The SO2 reagents and the pH/TA reagents are all warranted to last for 1 year, and we now give a use-by date that is 2 years from date of manufacture; in fact generally all SO2 and pH/TA reagents can be used several months beyond the use-by date. To ensure best stability, always store tightly capped and out of high temperatures and sunlight. And of course, the reagents will last much longer if not cross-contaminated with each other!
Part of the LCD display on my analyzer has gone out and I can no longer read full digits on the display. Can you repair my unit? Or do I have to buy a whole new one?
If there are segments of the LCD display that no longer illuminate or whole numbers have disappeared there is probably an issue with the LCD screen itself. Most often, a replacement LCD screen can be installed and this fixes the issue. Typically, when the LCD screen goes out the instrument will still work okay. If this has happened to you, please call or email our tech support for an RMA number and we can give you additional instructions.
Sometimes, although rarely, there are other issues with the circuit board that cannot be fixed. If this is the case, the unit will need to be replaced.
If a repair/replacement is needed and the unit is out of warranty there are costs associated with these services. The units are covered under a 2 year warranty. If it is out of warranty the cost of the LCD screen replacement is $75 plus return shipping.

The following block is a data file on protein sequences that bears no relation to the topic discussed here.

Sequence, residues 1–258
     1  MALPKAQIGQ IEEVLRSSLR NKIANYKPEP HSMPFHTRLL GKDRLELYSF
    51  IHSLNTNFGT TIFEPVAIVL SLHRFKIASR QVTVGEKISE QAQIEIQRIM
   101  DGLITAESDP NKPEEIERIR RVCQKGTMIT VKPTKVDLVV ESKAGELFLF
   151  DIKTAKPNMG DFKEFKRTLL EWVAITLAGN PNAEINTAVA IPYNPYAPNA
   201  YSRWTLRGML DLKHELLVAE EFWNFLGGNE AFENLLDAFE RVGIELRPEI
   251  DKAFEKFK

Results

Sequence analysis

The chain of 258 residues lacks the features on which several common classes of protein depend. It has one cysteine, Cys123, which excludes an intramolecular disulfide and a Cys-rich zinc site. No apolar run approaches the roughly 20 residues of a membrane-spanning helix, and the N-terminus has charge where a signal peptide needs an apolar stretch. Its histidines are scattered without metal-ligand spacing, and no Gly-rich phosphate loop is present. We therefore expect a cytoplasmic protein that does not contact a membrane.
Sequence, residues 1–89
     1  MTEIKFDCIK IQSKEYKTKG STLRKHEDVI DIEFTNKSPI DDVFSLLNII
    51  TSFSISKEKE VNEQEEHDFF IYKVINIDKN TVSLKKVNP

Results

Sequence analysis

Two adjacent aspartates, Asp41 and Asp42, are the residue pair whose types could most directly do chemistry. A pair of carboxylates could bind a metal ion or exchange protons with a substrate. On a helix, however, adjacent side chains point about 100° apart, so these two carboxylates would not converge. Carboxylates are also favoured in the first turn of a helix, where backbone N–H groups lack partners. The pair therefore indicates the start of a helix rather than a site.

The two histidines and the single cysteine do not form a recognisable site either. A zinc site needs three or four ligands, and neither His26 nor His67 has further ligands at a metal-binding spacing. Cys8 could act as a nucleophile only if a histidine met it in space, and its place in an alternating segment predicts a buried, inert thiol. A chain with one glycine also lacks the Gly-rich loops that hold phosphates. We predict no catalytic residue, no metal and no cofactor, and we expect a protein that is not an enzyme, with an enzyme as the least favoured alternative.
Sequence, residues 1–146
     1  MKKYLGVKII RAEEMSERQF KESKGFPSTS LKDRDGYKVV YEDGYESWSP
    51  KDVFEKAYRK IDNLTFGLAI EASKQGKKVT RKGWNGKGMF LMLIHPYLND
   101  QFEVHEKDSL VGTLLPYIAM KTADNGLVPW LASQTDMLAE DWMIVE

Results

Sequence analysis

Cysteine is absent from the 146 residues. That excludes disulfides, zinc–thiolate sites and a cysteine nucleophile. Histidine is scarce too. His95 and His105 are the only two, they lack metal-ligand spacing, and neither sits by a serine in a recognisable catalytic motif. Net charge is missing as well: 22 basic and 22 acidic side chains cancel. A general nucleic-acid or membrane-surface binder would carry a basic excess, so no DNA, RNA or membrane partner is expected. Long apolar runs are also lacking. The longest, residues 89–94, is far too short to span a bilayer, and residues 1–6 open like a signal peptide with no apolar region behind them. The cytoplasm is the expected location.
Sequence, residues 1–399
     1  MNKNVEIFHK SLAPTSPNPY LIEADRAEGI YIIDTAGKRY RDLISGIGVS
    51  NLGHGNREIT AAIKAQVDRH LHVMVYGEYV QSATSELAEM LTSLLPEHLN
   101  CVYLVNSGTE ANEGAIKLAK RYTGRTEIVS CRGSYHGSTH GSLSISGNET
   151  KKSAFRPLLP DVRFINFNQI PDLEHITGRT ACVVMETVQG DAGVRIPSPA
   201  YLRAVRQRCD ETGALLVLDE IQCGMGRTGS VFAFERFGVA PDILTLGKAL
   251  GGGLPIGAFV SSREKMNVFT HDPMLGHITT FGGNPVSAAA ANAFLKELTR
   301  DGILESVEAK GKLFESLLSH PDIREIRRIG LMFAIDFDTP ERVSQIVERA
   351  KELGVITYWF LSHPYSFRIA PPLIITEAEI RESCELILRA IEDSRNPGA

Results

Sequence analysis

Should I choose the 10 ml or 25 ml burette in the SC-300 Pro Kit or the Deluxe Lab Accessory Kit?
There is no major difference between the two sizes of burettes besides the difference in capacity. We recommend the 25mL burette if you will be doing multiple tests in a row as the larger capacity allows you to run multiple tests without having to refill the burette with Titrant. The 10mL burette is slightly more accurate as the gradations on the burette are finer so you can read it to one additional decimal point.
The most popular is the 25mL burette although the 10mL is also a good option too. It is just whichever you prefer.
If you think you may want to do the ABV Assay or the RRS Assay in the future you may want to purchase your Pro Kit or Deluxe Lab Kit with the 10mL burette as those two assays require the 10mL burette in order to get accurate results. Or you can simply purchase an individual 10mL burette at a later time.
The connector on my analyzer spins freely… is that normal?
If the connector itself is loose and can be pulled out of the housing then the instrument will need to come back to us for repair (if it is still under warranty). If it is out of warranty, please call us and we may be able to direct you on how to fix this.